The results of the 2011 census published yesterday shed a fascinating insight into the changing face of Britain.
For example, the seaside town of Blackpool has the highest percentage of its population who are divorced – 13.1%.
Our neighbouring council, Rushmoor, has the highest percentage concentration of Buddhists – 3.3% – anywhere in England and Wales.
26.3% of the population of the Isles of Scilly do not have central heating compared with the national average of 2.7%.
Islington has the highest percentage over ove 16s who are not in a relationship – 59.9% compared with the national average of 34.6%.
Kings Lynn has the highest percentage of its population living in caravans – 5.9% compared with the national average of 0.4%.
30% of the population of Blaenau Gwent do not have passports compared with the national average of 16.9%.
Norwich has the highest proportion recording no religion – 42.5%.
People calling themselves Christians fell from 72% of the population in 2001 to 59% in 2011. Fewer than 50% of households were inhabited by couples who were married.
We expect our political leaders to have a vision and the strength of their convictions. They may be wrong-headed but at least they have a sense of where they are going. Our present incumbent, I am afraid, fails this test and trims his policies at the first whiff of trouble.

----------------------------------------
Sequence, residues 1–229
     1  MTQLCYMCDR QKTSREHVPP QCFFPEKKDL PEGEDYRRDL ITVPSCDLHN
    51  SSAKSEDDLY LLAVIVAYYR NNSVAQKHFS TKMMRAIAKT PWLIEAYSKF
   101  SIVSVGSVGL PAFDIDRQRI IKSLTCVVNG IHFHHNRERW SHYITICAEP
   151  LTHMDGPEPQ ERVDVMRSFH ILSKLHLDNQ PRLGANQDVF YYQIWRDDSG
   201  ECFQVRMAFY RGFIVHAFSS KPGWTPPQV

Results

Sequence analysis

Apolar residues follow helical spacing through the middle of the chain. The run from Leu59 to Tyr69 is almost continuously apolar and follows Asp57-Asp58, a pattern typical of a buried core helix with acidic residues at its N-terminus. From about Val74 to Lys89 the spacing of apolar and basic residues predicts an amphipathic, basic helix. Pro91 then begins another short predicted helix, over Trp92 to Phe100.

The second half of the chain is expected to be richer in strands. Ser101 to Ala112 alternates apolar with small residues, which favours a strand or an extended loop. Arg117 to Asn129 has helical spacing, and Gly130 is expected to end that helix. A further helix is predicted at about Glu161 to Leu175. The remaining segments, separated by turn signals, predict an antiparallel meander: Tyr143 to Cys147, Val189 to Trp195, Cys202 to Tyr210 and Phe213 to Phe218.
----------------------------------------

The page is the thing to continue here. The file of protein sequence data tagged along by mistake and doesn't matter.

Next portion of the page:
Take the issue of same sex marriage. The census has indicated that Christianity and the institution of marriage is declining. Our (unwritten) constitution is centred on the separation of church and state. But Cameron having gaily announced that it was going to be lawful for same sex couples to marry, has done U-turn (again) and exempted the major churches to keep the right wing, the antediluvian clerics and the U-kippers at bay.
For a whole host of reasons, mainly to do with inheritance, civil partnerships are unsatisfactory. This is the 21st century for goodness sake. Same sex marriage should not be an issue and the necessary legislation should pass on the nod.
The PM and his party should concentrate on finding solutions to our economic crisis, the surge in youth unemployment, the lack of affordable housing etc etc etc.
At times like these I join Cicero in despairing.